Sometimes I have good ideas. When I believe my idea is a good one I am quick to make it happen without delay or much thought. Rash decisions are almost never good, I know that but when I think I’ve hit upon something it’s hard to stop and think on it. I’ve been guilty of rash decisions over the years and have paid the price.
Over the past few months I’ve done that more than once. You would think I would learn.
Back in 2007 I started to homebrew beer as a hobby. The idea came from a guy I knew in the neighborhood who brewed beer and said it was fairly easy to do if I just read a couple recommended books. I took his advice, read the books and for the most part it was easy.
Brewing beer requires a lot of time and cleaning. The equipment has to be sanitized or else your beer could become infected and end up tasting like drinking sewage out of a dirty tennis shoe. If you enjoy beer it’s important to keep a batch ready for bottling or transferring to a keg. There’s about a 3-4 week process of conditioning the beer before you can drink it so I would brew a new batch every two to three months.
As business started to increase I had less time to brew beer so I started buying bottles again but being a picky beer drinker the beer I like tends to be on the expensive side. I found myself missing brewing my own but there was the time issue.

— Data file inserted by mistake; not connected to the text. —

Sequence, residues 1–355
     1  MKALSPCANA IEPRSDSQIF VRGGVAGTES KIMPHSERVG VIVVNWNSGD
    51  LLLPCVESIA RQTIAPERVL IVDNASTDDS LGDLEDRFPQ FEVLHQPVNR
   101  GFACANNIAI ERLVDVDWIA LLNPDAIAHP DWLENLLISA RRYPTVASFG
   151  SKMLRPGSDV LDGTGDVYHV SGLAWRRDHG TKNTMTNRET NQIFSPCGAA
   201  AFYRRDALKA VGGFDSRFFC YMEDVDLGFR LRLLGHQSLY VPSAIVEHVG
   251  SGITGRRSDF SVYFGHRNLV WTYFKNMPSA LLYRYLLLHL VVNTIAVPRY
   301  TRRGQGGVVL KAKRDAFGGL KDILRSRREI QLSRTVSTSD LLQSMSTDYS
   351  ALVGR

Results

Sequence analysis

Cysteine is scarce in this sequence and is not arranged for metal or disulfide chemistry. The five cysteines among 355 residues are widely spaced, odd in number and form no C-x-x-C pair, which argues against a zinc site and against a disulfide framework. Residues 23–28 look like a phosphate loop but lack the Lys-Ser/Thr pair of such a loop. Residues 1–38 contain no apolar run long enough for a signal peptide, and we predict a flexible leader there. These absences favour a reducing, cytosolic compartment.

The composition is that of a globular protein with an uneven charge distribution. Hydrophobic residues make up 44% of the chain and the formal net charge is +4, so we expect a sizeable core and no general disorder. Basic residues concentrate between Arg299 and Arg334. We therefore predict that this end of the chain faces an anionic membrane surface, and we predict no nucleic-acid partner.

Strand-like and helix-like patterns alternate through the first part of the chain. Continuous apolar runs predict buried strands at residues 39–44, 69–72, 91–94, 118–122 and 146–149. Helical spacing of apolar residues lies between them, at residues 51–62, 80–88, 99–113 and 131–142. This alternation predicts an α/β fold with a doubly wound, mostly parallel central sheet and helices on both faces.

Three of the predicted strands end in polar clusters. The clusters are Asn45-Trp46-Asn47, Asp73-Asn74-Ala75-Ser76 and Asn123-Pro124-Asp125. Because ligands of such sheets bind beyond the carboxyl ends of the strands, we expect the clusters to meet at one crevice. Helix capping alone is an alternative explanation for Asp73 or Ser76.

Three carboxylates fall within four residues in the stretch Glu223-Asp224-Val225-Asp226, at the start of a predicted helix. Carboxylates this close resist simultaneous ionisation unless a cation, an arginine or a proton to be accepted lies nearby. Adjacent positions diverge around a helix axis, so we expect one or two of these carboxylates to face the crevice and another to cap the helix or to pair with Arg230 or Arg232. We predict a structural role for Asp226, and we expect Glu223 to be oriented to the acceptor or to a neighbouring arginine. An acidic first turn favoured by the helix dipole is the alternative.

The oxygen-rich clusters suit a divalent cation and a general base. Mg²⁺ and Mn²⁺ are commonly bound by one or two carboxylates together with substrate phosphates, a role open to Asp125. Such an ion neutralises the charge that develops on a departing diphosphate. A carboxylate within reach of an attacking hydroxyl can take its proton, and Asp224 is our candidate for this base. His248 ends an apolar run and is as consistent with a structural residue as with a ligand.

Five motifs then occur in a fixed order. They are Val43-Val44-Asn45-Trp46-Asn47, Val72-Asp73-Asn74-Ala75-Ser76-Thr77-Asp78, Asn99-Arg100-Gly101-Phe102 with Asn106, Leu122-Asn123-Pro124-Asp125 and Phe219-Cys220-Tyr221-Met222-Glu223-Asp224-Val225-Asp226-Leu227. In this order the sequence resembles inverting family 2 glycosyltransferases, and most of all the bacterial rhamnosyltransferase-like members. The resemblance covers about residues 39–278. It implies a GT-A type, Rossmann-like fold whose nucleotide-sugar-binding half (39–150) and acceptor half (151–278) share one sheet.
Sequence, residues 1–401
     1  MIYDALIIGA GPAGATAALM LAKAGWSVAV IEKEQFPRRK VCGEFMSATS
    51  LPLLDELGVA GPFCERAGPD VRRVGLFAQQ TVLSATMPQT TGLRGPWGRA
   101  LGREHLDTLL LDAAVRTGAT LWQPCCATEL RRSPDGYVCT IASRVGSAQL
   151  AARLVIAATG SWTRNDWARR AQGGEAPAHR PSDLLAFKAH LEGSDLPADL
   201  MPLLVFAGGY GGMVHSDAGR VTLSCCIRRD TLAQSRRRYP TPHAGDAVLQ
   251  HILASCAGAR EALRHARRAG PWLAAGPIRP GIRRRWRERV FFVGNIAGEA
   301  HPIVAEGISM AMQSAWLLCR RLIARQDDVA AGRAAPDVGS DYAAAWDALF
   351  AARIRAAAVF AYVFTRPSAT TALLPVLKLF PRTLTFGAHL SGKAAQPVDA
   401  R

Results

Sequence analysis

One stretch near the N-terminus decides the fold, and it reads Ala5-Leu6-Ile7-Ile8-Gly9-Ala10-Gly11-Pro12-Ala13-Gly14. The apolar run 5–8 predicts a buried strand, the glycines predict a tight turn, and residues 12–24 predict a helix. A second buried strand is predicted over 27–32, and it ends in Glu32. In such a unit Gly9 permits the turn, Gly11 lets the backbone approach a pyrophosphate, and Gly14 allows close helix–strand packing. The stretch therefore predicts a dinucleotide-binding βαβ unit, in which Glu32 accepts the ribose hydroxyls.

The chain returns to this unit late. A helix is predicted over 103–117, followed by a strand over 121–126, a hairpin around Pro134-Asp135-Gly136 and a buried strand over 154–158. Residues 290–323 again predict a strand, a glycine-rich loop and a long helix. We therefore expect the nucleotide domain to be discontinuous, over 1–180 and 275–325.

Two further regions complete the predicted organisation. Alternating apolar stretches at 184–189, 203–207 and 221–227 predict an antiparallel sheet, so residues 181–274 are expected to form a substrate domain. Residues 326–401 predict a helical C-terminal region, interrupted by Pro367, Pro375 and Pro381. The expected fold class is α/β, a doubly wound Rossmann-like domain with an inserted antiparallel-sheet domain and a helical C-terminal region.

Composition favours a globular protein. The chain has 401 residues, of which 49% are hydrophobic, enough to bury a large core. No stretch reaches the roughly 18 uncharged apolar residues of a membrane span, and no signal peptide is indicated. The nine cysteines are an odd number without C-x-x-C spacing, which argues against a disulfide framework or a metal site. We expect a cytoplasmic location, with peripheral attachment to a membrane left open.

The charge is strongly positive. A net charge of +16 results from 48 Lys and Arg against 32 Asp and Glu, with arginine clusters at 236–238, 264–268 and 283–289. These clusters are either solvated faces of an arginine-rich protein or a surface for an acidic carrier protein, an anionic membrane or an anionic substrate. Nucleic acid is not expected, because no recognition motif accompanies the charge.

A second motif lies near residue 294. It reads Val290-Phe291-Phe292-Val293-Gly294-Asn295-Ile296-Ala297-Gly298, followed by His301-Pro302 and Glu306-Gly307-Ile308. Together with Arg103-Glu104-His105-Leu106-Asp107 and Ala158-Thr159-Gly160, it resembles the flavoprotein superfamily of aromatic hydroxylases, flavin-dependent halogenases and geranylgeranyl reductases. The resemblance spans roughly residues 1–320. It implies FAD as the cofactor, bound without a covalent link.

A couple of months ago I was at my favorite market looking for a new beer when I walked into the cooler and saw a stack of 5 gallon soda kegs. The light went on in my head and I thought if I purchased a keg or two I could solve the issue of spending so much on bottles and I could have my favorite beer/s on hand without all the bottles. I suck at taking bottles back and end up giving them away.
If I had taken a couple of minutes to think about the idea I would not have done it but it was too late, the idea was set and I was going to make it happen. I went to the front checkout, purchased a 5 gallon keg of Brown Ale and ordered another 5 gallon keg of Belgium Ale. Taking my treasure home thinking I have tricked the system I quickly tapped the keg and had a little glass with a smile. The carbonation lasted a little while.
The thing about keeping beer in a keg is it’s good until you introduce air. Once the air is introduced the beer will go flat in a matter days and it get’s funky too. By the time my first keg went flat I already had the second so I tapped that one. It lasted less than a week before it tasted like garbage. Just before writing this I pumped almost five gallons down the drain. A good beer really is a terrible thing to waste.
When I brew beer I connect Co2 to the keg which provides carbonation but also keeps the beer fresh because it does not require a pump system like you get when you rent a keg from a store. Using a pump system also introduces air into the keg so it gets funky in time. When kept cold and charged with Co2 it lasts as long as it takes for you to drink it.
This idea turned out to be a really bad one. The system beat me again.